Don't Taunt Tornados
For years, TV shows and movies have been fraught with plotlines involving one of nature's most fascinating mysteries - the tornado. Screenwriters seem to have quite a knack for making tornadoes appeal to a wide variety of personalities, from the thrill-loving adventure seeker to the imaginative dreamer.
Through the camera lens of a trained storm chaser, tornadoes can seem nothing short of exhilarating. From tearing down the highway in search of rotation to the heart-pounding moments when a funnel is barreling down, it's the stuff reality TV dreams are made of. Like they always say, there's nothing like the thrill of the chase.
For the fantasy-loving crowd, there's that classic flick about the pretty girl and her dog. Though a land teeming with yellow brick roads and color-changing horses (sans the creepy flying monkeys and wicked witches) certainly sparks the imagination, it's far from reality.
In reality, tornadoes are a force (of nature) to be reckoned with. While they may be portrayed as exciting and almost mystical in the world of cinema, in truth, they're extremely dangerous. In mere minutes, tornadic winds can decimate entire towns and forever change lives. Though you certainly can't prevent a tornado from striking your city, there are several steps you can take to stay safe if you ever find yourself in the path of one of these ruthless storms:
Before Severe Weather Strikes... Back to top
Here are a few tips that may help you mitigate hail damage and remain safe if you find yourself in the midst of a hail storm:
- Invest in a weather radio. Sirens won't always sound in the event of severe weather, since it can happen without warning. A weather radio will keep you informed of all NWS alerts that are issued in your area, and its alert tones can help wake you up if a storm pops up in the middle of the night.
- Invest in a storm shelter, even if you have a basement. Even though a basement is underground, which is the safest place to be during a tornado, severe injuries can still be sustained if a house caves in on itself. The only way to be sure you are protected during a tornado is to construct or purchase a safe room that has been tested to withstand tornadic winds. The Federal Emergency Management Agency (FEMA) offers several brochures and tips for building your own safe room, and you can read the industry standards a shelter should meet on the National Storm Shelter Association's website.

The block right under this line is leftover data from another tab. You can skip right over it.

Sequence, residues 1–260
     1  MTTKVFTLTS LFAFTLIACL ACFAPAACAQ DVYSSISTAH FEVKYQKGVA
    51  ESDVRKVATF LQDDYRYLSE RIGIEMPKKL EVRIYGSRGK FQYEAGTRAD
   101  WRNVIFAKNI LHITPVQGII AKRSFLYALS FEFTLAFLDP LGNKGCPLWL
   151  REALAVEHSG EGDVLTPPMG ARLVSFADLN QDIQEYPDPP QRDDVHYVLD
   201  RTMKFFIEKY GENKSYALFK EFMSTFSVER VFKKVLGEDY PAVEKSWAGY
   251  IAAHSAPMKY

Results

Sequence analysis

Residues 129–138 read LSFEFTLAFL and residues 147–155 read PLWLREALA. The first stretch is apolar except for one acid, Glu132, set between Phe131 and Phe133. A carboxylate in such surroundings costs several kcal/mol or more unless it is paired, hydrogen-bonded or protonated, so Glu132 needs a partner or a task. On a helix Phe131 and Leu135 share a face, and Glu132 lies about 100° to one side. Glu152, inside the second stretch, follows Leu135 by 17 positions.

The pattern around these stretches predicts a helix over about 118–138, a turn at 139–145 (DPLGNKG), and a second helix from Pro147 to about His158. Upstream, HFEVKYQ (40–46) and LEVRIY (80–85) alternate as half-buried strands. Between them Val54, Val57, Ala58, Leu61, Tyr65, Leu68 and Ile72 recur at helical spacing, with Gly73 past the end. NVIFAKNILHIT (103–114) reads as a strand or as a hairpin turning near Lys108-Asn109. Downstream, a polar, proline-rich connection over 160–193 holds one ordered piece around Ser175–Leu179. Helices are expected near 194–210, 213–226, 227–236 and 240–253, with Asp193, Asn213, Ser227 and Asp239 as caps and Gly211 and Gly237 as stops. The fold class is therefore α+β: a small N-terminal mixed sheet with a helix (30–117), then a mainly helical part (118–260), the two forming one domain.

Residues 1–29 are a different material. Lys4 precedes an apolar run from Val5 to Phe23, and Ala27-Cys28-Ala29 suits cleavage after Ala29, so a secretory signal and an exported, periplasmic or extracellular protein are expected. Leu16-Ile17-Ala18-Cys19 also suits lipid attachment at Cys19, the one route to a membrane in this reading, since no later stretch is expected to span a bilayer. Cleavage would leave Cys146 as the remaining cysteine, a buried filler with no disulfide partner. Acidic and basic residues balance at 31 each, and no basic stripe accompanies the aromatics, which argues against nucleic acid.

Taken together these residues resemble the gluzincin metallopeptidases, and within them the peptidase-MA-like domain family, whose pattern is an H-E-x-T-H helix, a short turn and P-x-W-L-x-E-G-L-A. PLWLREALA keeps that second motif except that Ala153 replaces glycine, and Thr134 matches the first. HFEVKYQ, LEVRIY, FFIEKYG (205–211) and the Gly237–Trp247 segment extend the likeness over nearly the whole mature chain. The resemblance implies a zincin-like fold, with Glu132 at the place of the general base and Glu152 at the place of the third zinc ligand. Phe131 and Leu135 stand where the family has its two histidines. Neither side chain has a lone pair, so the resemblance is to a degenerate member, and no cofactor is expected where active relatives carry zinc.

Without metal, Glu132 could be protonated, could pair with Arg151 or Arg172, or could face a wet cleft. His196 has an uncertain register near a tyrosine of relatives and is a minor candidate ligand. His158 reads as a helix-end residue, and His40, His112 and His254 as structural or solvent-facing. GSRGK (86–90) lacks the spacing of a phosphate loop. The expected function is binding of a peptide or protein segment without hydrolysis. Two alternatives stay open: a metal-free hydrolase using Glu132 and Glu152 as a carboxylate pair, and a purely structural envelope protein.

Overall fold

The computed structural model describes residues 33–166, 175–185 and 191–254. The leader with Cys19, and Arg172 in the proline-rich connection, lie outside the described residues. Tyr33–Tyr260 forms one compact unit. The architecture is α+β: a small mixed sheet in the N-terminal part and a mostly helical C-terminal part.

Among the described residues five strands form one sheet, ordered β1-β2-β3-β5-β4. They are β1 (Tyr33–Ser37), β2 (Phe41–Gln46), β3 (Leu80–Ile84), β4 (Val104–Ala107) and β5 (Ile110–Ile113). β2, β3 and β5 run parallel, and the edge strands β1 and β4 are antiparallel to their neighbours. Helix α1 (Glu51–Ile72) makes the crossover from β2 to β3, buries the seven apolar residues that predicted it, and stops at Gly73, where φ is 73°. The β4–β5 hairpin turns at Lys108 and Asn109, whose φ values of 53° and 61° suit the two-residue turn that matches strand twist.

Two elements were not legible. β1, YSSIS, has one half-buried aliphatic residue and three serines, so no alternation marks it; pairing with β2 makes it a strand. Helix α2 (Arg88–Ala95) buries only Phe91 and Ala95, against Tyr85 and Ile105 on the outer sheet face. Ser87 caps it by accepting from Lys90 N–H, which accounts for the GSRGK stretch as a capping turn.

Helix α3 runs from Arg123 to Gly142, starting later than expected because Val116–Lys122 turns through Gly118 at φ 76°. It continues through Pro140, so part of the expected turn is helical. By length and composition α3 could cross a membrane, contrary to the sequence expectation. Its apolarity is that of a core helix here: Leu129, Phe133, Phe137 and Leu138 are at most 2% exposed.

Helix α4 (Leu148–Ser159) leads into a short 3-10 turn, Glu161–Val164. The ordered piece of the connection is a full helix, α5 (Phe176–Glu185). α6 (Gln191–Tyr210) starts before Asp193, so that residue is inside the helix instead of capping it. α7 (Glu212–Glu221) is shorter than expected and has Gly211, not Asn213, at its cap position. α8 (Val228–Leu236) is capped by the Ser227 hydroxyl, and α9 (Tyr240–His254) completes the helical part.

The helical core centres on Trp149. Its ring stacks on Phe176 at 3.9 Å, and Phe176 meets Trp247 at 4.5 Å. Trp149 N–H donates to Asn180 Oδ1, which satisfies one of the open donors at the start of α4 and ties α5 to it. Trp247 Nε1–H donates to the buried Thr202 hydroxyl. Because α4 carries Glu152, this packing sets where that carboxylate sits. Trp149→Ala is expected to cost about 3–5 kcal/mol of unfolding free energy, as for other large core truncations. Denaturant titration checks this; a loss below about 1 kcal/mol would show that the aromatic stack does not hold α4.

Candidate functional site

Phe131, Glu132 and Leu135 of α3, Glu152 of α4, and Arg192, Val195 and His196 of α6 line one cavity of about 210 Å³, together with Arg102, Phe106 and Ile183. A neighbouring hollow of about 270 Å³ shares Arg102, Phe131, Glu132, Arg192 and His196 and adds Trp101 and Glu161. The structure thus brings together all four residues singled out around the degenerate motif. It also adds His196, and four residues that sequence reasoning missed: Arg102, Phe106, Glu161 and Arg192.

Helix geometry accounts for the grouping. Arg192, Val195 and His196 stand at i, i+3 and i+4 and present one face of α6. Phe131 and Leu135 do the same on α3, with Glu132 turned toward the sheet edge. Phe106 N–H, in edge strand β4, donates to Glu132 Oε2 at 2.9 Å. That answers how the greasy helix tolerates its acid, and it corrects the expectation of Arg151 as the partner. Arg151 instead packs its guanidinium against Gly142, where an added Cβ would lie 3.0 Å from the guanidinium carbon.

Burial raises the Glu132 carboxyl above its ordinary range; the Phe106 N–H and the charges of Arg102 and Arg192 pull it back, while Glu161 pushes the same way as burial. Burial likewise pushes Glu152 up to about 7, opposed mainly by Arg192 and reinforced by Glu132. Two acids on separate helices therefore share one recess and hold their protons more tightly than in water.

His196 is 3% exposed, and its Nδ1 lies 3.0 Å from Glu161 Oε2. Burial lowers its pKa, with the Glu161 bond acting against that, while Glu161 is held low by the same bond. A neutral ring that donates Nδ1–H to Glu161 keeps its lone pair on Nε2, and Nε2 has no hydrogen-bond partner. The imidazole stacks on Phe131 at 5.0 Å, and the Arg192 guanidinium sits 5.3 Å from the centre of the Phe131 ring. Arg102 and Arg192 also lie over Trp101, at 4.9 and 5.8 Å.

- If you're building a new home or replacing an existing roof, consider using impact-resistant materials. Quite obviously, no roof is able to withstand winds from an EF-5 tornado. However, there are many new roofing materials on the market that can withstand high winds much better than their older counterparts. IBHS offers a wealth of tips about how to maintain your existing roof and which impact-resistant materials to purchase for a new build or roof replacement.
- Remain aware of weather conditions in your area when a "Tornado Watch" is issued. Since you probably can't be glued to your TV all day, there are plenty of ways to get weather alerts and monitor conditions while you're on the go.
- The Weather Channel offers SMS and email alerts, as well as free apps to help you stay informed about impending severe weather.
- The National Oceanic and Atmospheric Administration (NOAA), home to the National Weather Service (NWS), also issues weather alerts through its website, with extremely detailed and up-to-date forecast information.
- Check your local news station's website. Many stations now offer email and text weather alerts as well.
When Severe Weather is Imminent... Back to top
- If there's time, move your car or truck to the garage. If your house is destroyed in a tornado, it's likely your vehicle will be as well. However, you can help mitigate damage from the hail and high winds that often accompany tornado-producing storms by keeping your car or truck out of the elements.